A systems approach to assess transport and diffusion of hazardous airborne particles in a large surgical suite: Potential impacts on viral airborne transmission

Marc Garbey, Guillaume Joerger, Shannon Furr

Research output: Contribution to journalArticle

Abstract

Airborne transmission of viruses, such as the coronavirus 2 (SARS-CoV-2), in hospital systems are under debate: it has been shown that transmission of SARS-CoV-2 virus goes beyond droplet dynamics that is limited to 1 to 2 m, but it is unclear if the airborne viral load is significant enough to ensure transmission of the disease. Surgical smoke can act as a carrier for tissue particles, viruses, and bacteria. To quantify airborne transmission from a physical point of view, we consider surgical smoke produced by thermal destruction of tissue during the use of electrosurgical instruments as a marker of airborne particle diffusion-transportation. Surgical smoke plumes are also known to be dangerous for human health, especially to surgical staff who receive long-term exposure over the years. There are limited quantified metrics reported on long-term effects of surgical smoke on staff’s health. The purpose of this paper is to provide a mathematical framework and experimental protocol to assess the transport and diffusion of hazardous airborne particles in every large operating room suite. Measurements from a network of air quality sensors gathered during a clinical study provide validation for the main part of the model. Overall, the model estimates staff exposure to airborne contamination from surgical smoke and biological material. To address the clinical implication over a long period of time, the systems approach is built upon previous work on multi-scale modeling of surgical flow in a large operating room suite and takes into account human behavior factors.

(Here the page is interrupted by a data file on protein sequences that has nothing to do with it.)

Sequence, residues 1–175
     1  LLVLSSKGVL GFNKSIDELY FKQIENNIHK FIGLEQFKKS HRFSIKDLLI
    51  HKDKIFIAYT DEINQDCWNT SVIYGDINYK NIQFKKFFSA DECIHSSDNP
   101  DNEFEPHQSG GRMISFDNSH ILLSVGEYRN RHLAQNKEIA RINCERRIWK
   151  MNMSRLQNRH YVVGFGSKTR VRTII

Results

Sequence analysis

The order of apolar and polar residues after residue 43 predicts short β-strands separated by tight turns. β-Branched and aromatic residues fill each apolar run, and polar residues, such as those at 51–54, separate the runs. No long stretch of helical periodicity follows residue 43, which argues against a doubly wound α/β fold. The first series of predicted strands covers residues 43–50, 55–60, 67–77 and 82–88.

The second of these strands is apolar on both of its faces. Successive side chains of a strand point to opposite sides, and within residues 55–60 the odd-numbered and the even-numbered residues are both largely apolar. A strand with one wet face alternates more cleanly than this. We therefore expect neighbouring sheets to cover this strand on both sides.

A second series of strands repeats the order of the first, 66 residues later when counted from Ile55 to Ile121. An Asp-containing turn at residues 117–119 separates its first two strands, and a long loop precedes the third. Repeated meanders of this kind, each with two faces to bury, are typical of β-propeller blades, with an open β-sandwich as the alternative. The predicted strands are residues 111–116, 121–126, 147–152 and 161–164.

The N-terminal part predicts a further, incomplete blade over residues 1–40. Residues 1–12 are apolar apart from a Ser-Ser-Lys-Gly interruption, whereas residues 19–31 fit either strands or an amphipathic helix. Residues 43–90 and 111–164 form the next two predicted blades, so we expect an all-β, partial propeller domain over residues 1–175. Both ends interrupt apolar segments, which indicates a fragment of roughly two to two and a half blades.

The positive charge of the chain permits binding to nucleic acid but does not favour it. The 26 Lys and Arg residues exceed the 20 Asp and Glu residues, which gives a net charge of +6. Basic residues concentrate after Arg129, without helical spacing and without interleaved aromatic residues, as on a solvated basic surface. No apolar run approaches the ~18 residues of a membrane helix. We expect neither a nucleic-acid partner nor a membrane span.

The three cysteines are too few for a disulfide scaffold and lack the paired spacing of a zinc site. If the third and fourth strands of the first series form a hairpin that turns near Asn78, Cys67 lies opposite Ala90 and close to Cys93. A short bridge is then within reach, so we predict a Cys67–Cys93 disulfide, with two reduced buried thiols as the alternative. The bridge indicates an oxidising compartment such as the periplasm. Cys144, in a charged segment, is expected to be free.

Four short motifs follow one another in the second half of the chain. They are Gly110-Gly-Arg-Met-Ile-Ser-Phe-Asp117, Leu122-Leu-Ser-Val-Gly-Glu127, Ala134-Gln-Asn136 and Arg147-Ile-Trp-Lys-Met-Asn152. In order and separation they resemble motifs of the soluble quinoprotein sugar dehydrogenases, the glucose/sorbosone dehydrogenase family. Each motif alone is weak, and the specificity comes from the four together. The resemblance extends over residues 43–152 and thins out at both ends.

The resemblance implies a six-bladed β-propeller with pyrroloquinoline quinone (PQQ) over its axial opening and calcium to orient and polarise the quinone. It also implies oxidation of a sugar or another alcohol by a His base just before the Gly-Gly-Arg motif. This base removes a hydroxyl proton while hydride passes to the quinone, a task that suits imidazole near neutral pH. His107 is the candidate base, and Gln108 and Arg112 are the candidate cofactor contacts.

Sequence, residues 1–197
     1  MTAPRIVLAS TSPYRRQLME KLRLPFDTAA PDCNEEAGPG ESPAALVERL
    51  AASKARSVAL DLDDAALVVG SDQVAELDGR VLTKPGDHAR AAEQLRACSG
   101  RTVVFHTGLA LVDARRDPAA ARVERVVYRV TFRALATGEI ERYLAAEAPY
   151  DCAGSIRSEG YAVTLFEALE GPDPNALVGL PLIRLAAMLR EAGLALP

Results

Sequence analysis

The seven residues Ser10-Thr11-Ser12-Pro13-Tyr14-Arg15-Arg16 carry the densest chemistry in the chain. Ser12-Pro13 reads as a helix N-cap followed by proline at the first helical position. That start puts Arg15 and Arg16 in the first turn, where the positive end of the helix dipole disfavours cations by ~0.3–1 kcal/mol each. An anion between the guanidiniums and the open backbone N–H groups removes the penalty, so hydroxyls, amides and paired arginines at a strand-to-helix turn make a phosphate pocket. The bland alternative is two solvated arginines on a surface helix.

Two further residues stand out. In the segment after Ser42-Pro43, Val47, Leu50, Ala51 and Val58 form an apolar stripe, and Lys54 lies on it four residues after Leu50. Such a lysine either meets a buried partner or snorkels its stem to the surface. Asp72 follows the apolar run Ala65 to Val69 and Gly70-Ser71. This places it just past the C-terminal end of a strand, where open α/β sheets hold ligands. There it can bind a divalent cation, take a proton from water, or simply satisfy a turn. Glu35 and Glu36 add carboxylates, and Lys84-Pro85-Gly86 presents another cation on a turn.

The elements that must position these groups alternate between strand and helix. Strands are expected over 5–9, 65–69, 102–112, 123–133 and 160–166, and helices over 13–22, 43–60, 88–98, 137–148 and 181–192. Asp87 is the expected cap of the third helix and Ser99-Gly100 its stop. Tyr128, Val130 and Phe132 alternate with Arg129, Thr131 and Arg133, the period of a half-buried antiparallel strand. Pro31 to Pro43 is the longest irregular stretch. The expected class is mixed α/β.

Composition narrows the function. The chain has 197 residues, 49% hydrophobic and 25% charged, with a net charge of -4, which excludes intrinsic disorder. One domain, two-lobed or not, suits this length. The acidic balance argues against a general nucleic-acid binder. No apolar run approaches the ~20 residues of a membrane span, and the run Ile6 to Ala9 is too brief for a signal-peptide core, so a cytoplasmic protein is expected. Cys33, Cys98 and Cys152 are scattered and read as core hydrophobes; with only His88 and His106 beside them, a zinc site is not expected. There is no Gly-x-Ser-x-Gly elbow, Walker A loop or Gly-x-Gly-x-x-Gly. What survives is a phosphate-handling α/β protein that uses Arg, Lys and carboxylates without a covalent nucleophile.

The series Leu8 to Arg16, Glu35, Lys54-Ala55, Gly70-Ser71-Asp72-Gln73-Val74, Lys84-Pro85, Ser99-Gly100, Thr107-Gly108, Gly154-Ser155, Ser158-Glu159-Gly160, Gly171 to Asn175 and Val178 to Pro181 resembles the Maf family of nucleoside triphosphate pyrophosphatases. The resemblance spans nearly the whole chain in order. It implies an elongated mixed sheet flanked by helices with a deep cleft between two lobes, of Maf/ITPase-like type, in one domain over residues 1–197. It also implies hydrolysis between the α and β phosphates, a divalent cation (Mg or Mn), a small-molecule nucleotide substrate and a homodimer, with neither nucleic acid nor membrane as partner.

Original languageEnglish (US)
Article number5404
Pages (from-to)1-23
Number of pages23
JournalInternational journal of environmental research and public health
Volume17
Issue number15
DOIs
StatePublished - Aug 1 2020

Keywords

  • Airborne virus
  • COVID-19
  • Indoor air quality
  • Multi-scale model
  • Particle transport
  • Surgical smoke
  • Surgical suite

ASJC Scopus subject areas

  • Public Health, Environmental and Occupational Health
  • Health, Toxicology and Mutagenesis

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